The Exquisite Punakha Dzong

If there is only one Dzong that you have time to visit when in Bhutan, there is no question that it should be Punakha. The wonderful location at the confluence of the Po Chhu (Papa river) and Mo Chhu (Mama river), the beautiful Jacaranda and Magnolia trees surrounding it, the exquisite woodwork and paintings (featured photo), and its renowned history, make this undisputedly the most beautiful Dzong in Bhutan. Don’t take my word for it. The present King was married in this Dzong, and all the kings have been crowned here.

Mural in Punakha Dzong, Bhutan

The Punakha Dzong was constructed in 1637 at a site where an older and smaller Dzong stood since 1326. Construction was completed in 1638, and the gold dome was added in 1676. In the second courtyard (dochey) I saw several buildings with beautiful paintings. The one above shows a monk with his left hand, holding a lotus, extended in a gesture that wards off evil (karana mudra). I liked the painting because of the detailed study of black-necked cranes at the monk’s feet. I’, not able to identify who this could be. I guess he is a monk and not a celestial being by the fact that he has a halo, but it is brown in colour.

To reach this place we had to climb a steep set of stairs. It seems that this is protection against invaders as well as flood waters. Entrance to the main buildings in Punakha Dzong, Bhutan The ladder that you see in this photo is apparently pulled up at night and the door behind it is locked. The ladder is so steep that I had to hold the handrail to climb up. The height is a protection against floods. Since Po Chhu is snow-fed, melt-water often floods in early spring. Even so, the Dzong has flooded several times in its history. The waters eventually cross the border into India and feed the Brahmaputra river. We spent a long time in the halls around the second dochey, admiring paintings and statues.

Mural in Punkha Dzong, Bhutan The two images here were taken because the light was good. They depict celestial beings of great power. This is clear from the green halos that surround their heads. Apart from that I’m clueless about who they can be. They are neither the Sakyamuni (since they do not hold a begging bowl) nor are they depictions of the Maitreya Buddha (since their feet do not rest on lotus flowers).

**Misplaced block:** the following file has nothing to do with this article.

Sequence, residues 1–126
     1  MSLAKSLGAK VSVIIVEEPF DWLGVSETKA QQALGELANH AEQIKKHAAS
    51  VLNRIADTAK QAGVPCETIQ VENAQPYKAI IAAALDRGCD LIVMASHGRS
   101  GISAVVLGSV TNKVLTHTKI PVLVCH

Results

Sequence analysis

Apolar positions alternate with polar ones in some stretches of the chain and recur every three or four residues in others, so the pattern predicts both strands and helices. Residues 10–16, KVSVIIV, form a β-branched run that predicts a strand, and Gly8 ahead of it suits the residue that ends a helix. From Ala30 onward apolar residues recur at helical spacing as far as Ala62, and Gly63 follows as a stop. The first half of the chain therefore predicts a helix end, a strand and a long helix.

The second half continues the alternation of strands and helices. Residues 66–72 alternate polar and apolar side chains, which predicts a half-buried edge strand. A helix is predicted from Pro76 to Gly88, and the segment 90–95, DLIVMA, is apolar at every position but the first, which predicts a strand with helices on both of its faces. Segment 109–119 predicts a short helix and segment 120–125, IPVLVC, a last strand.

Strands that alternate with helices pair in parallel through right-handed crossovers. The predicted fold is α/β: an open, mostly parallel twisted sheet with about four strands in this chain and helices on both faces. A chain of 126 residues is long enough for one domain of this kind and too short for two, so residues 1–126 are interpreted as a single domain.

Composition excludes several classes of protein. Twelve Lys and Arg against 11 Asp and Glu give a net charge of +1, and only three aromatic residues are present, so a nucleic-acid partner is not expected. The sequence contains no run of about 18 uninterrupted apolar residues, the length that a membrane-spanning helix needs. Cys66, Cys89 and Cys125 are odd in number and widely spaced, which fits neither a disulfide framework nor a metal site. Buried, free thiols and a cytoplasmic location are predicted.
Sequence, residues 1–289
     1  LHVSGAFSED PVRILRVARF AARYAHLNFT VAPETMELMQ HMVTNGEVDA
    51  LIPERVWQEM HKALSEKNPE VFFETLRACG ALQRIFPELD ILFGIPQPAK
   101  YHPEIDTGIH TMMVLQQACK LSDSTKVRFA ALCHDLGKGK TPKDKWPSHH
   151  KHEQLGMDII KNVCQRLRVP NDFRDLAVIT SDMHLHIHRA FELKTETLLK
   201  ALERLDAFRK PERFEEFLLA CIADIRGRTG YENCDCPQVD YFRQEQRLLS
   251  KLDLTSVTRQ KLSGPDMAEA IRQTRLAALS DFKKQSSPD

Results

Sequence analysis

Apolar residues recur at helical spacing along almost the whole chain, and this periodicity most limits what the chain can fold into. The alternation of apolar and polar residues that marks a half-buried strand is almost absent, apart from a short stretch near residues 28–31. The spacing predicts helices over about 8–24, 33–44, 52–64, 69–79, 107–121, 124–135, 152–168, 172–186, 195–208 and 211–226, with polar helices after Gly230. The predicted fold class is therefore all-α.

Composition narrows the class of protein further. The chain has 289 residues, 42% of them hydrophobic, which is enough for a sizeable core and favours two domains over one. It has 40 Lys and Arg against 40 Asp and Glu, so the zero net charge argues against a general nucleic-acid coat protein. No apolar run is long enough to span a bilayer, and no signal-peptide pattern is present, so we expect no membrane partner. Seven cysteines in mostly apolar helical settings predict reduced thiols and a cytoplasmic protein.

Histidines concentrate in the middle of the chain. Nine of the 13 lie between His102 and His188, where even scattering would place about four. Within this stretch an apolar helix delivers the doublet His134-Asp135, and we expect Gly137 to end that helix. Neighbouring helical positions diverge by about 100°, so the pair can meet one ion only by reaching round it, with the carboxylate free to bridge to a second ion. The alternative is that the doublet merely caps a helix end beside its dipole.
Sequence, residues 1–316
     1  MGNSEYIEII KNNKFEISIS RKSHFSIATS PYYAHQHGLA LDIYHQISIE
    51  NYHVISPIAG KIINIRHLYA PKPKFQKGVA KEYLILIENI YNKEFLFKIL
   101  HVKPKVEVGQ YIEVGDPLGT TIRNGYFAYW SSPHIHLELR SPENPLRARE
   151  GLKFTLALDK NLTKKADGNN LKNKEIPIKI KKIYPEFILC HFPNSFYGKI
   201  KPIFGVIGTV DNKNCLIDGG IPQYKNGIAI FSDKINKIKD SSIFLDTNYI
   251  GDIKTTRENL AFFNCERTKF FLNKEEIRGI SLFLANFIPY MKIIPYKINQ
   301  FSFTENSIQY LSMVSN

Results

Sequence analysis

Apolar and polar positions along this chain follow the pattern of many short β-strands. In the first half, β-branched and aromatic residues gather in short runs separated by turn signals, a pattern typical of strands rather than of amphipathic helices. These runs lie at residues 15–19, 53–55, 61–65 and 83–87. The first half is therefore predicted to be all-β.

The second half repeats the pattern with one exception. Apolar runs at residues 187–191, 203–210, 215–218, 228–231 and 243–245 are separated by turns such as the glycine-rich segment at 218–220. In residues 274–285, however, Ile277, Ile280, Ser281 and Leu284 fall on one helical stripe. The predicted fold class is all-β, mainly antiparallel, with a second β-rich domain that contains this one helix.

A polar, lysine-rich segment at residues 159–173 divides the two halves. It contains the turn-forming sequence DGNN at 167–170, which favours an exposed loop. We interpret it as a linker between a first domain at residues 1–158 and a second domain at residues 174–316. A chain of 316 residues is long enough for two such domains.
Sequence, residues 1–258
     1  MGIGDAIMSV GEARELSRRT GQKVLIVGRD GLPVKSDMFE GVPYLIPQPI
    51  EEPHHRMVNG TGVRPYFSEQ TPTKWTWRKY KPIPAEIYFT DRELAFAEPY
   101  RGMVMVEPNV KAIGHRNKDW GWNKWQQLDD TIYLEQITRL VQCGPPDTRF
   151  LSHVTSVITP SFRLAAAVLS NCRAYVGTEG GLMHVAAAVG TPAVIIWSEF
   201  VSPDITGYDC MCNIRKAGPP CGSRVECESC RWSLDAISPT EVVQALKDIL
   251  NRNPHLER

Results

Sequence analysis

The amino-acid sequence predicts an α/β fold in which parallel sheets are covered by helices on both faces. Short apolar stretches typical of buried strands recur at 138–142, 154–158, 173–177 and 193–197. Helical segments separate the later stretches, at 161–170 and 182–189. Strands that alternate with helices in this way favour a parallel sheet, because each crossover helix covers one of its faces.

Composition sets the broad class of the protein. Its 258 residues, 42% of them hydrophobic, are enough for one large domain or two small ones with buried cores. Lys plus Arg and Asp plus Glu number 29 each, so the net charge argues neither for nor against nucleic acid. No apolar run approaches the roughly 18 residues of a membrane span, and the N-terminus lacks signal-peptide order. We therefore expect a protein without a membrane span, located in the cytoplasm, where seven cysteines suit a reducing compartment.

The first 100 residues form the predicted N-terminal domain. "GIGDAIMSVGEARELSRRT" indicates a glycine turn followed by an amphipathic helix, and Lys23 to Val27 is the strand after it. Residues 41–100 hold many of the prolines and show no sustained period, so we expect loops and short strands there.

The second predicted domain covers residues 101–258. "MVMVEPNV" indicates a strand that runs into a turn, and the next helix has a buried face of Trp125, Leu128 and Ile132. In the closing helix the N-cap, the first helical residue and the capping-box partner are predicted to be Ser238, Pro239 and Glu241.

They are not Avalokiteshwara (since they are looking forward), nor are they Tara (since they are male). They do not hold a sword, so they are not Manjushri. They are not surrounded by flames, so they cannot be Mahakala or Vajrapani. Mural in Punakha Dzong, Bhutan Both are bearded, so they could be Padmasambhava. But I have no idea whether the Guru is depicted holding a musical instrument, as the one on the left does, or a prayer wheel, like the one on the right. The identified images of the Guru that I have seen show him with the Sakyamuni seated on the crown. That is not the case here. These could be someone else, but I like to think of them as the 8th century sage who brought Buddhism to the Himalayas.

View of Punakha Dzong, Bhutan

This was the second time we visited the Punakha Dzong. Both times we arrived in May, and found the Jacaranda in bloom. The beautiful purple colour looks wonderful against the white walls of the Dzong. It would be nice to come back here in another season to see what it looks like.

Birdwatching in the museum

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The first time I encountered realistic Indian miniature paintings of birds was in the museum of the City Palace of Jaipur, a long time ago. Since then I have found little examples hidden away in galleries across the world. They are not as famous as the paintings of court life, but there seems to be a dedicated band of collectors and curators who love to acquire and display these.

2015-05-28 16.17.54From almost the earliest times, Chinese painters have delighted in depicting nature. The most famous subjects which the paintings deal with are grand vistas of landforms, and hidden away somewhere a few people, houses, boats, and domestic animals. They are beautiful.

Now, with a month of visiting museums and collections of paintings, I see that there is a less well-known stream of work: nature in the small, beautifully observed and rendered. The Shanghai Museum had two remarkable paintings: one of a praying mantis done almost calligraphically, with a minimum of brush strokes, and one of a lotus seed pod. I found later that the lotus seed pod is a staple, every master seems to try his hand at it. But also, over the weeks, I began to notice birds. Mandarin ducks are ubiquitous because they represent marital fidelity in the Chinese culture. But there are so many other birds which we saw.

2015-05-28 16.21.46Today, walking through the National Museum in Beijing, our birdwatching instincts came to the fore. We stalked through the galleries looking for birds, and we hit a jackpot. There are lovely pieces in the collection, but photographing them is not easy. There are multiple layers of glass between the painting and you. As a result, you can see my reflection in many of the photos here.

I wish I could have shared more details about the painters and their times. Unfortunately, many of the galleries in the National Museum only have labels in Chinese. There is an audio guide, but I could not get any information on them from the information desk.

The photos here show only the paintings. The jade and bronze galleries hide more birds. Herons and peacocks abound in the pieces of jade, but there are also other birds. A popular genre of jade carving was a scene in a forest. These are usually full of animals and trees, and, hidden in the trees, birds. Hidden among the displays of ritual bronze vessels are small figures of birds.

I wish there were good quality reproductions which one could buy, and information in English.